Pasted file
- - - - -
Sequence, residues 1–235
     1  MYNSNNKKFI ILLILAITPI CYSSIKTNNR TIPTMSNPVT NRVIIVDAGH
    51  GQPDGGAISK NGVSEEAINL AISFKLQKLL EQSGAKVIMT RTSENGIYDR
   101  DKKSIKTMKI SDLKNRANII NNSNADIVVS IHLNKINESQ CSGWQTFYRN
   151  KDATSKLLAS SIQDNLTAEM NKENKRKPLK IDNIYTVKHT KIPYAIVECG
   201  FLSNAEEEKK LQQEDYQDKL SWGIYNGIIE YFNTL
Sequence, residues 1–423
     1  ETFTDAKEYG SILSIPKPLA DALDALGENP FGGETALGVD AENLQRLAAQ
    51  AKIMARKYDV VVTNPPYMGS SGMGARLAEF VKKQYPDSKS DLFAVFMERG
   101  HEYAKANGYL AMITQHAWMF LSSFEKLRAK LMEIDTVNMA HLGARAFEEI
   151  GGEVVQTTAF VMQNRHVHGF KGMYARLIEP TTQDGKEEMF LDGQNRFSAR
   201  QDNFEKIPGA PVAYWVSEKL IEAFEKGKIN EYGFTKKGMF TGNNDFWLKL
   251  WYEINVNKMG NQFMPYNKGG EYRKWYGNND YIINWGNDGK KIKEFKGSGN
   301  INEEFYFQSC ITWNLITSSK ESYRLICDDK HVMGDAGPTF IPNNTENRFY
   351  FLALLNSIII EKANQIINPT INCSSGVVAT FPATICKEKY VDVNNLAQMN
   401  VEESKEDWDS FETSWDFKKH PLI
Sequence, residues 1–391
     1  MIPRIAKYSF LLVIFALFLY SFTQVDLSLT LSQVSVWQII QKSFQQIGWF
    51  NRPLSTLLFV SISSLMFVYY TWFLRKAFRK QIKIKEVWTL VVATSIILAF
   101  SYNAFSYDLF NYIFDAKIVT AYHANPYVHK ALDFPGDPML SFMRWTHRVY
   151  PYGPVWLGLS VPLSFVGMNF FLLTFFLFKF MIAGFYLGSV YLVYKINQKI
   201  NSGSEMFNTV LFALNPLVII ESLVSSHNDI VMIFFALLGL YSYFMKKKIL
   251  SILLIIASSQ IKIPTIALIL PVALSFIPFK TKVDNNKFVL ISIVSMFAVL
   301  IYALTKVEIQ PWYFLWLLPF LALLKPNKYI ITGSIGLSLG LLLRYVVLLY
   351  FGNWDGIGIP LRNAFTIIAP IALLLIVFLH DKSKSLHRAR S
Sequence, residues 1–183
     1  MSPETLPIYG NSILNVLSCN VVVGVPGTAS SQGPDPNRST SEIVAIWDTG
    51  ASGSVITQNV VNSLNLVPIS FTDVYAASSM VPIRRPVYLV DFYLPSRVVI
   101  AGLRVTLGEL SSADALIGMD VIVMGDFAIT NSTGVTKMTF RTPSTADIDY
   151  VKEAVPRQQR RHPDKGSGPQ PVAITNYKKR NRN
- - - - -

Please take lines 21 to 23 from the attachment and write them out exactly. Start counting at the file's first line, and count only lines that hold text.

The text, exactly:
   151  PYGPVWLGLS VPLSFVGMNF FLLTFFLFKF MIAGFYLGSV YLVYKINQKI
   201  NSGSEMFNTV LFALNPLVII ESLVSSHNDI VMIFFALLGL YSYFMKKKIL
   251  SILLIIASSQ IKIPTIALIL PVALSFIPFK TKVDNNKFVL ISIVSMFAVL